Interactive Investor

Dogs of Footsie: how 2022’s kennel fared, and the 10 shares for 2023

8th February 2023 10:04

by Kyle Caldwell from interactive investor

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Will the 10 highest-yielding shares in the FTSE 100 outperform the wider market this year? 

Dog face 600

For the fourth consecutive year the Dogs of the Footsie – the 10 highest-yielding companies in the FTSE 100 – failed to beat the wider market.

Over the year to 31 January 2022, the pack delivered in total return terms a loss of 9.2% versus a rise of 8% for the FTSE 100. In price terms – stripping out dividends – the underperformance gap was even wider, with the Dogs down 18.1% against a rise of 4.1% for the FTSE 100.

A quick glance at the table shows the damage was mainly done by big declines over the past year for EVRAZ (LSE:EVR) and Polymetal International (LSE:POLY), which respectively suspended and scrapped dividends.

Housebuilder Persimmon (LSE:PSN), the third-worst performer, said in November that it will introduce a more “prudent” approach to its dividend policy due to UK housing market headwinds.

The trio’s poor performance over the past year highlights the risk of the Dogs of the FTSE strategy, in which investors simply build a portfolio of the 10 highest-yielding FTSE 100 shares. Equal amounts of money is put into each, and they are held for a year. The process is then repeated the following year with the new highest yielders. Money Observer magazine ran the portfolio from 31 January each year for 12 months.

The rationale is that yields on these businesses are high because share prices are low, which in turn often reflects the fact that a company (or its sector) is excessively or temporarily unloved by the market. When it returns to favour, according to the Dogs argument, investors should enjoy a significant share price bounce. In the meantime, investors are compensated for waiting with a meaty yield.

However, while a high dividend yield looks attractive on paper it should be treated with a healthy dose of scepticism. As share prices and yields have an inverse relationship, a high yield more often than not is a sign that a stock, for whatever reason, is out of favour. Therefore, it is crucial to do some digging to assess whether the yield on offer is sustainable. This includes looking at dividend cover, the track record of paying dividends, debt levels, and whether management have made recent comments on the health of the dividend.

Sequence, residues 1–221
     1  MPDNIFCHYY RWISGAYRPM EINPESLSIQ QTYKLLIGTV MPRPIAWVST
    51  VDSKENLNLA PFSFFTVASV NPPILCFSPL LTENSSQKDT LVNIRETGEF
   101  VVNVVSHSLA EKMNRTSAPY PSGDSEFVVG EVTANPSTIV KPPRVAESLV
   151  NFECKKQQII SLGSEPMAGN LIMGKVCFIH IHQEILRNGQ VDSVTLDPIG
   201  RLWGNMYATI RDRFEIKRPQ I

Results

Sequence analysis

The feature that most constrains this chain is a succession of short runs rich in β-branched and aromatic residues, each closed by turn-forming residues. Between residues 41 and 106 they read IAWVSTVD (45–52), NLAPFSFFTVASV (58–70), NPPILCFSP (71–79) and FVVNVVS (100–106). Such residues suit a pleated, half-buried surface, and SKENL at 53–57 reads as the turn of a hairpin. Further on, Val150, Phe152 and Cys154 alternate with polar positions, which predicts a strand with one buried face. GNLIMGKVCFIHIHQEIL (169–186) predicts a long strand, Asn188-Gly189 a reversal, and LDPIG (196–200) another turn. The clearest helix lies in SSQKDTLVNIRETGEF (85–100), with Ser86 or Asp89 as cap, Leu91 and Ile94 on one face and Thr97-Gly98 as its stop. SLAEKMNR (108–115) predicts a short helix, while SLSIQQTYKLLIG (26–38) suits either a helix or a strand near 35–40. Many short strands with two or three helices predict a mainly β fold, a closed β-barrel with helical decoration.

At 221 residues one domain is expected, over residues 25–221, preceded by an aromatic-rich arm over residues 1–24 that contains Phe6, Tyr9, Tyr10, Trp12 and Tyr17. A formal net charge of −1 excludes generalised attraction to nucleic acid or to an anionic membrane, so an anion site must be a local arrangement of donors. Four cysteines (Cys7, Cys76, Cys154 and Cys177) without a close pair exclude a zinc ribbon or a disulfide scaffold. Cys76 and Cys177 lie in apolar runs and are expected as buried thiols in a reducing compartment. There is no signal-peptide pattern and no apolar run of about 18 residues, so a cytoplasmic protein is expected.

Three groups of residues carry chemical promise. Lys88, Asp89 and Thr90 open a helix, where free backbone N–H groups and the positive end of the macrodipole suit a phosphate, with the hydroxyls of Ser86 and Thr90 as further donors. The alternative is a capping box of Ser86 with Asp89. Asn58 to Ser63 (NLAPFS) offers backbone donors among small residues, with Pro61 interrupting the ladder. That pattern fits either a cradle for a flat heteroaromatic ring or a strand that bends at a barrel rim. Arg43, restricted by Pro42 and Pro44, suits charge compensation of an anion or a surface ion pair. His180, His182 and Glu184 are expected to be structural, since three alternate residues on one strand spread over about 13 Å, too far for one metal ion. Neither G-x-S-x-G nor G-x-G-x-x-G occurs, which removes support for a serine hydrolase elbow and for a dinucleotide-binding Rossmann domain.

As 2022 proved, a couple of howlers in the pack can hugely negatively influence the overall returns for the 10 high-yielding shares.  

How the 2022 Dogs of the Footsie fared 

CompanyPrice return over one-year period (%)*Total return over one-year period (%) *
Persimmon (LSE:PSN)-41-31.2
Polymetal International (LSE:POLY)-78-78
M&G (LSE:MNG)-6.42.2
Imperial Brands (LSE:IMB)1624
EVRAZ (LSE:EVR)-83.4-83.4
Phoenix Group (LSE:PHNX)-2.94.6
Rio Tinto (LSE:RIO)21.932.9
British American Tobacco (LSE:BATS)-2.14.8
Aviva (LSE:AV.)6.236.8
Legal & General (LSE:LGEN)-11.6-5.1
FTSE 100 Index4.18
Dogs average return-18.13-9.24

Source: SharePad. *31 January 2021 to 31 January 2023. 

2023’s Dogs of the Footsie

For investors sizing up the highest-yielding stocks in the FTSE 100 today, six of the 2022 Dogs remain: Persimmon (LSE:PSN), M&G (LSE:MNG), Phoenix Group (LSE:PHNX), British American Tobacco (LSE:BATS)Legal & General (LSE:LGEN), and Rio Tinto (LSE:RIO).

The new entrants are: NatWest (LSE:NWG), Vodafone (LSE:VOD), Glencore (LSE:GLEN), and Taylor Wimpey (LSE:TW.)

After two years of dividend recovery following the Covid-19 pandemic, UK dividends are expected to be slightly less generous in 2023.

Link Group, a financial data firm, forecasts a 2.8% drop in dividends in 2023 compared with 2022. This would mean £91.7 billion returned to shareholders compared with £94.3 billion last year.

The drop is due to a sharp decline in special dividends as economic conditions worsen.

The 10 highest-yielding FTSE 100 shares 

Source: SharePad. Yield figures sourced on 3 February 2023. 

These articles are provided for information purposes only.  Occasionally, an opinion about whether to buy or sell a specific investment may be provided by third parties.  The content is not intended to be a personal recommendation to buy or sell any financial instrument or product, or to adopt any investment strategy as it is not provided based on an assessment of your investing knowledge and experience, your financial situation or your investment objectives. The value of your investments, and the income derived from them, may go down as well as up. You may not get back all the money that you invest. The investments referred to in this article may not be suitable for all investors, and if in doubt, an investor should seek advice from a qualified investment adviser.

Full performance can be found on the company or index summary page on the interactive investor website. Simply click on the company's or index name highlighted in the article.

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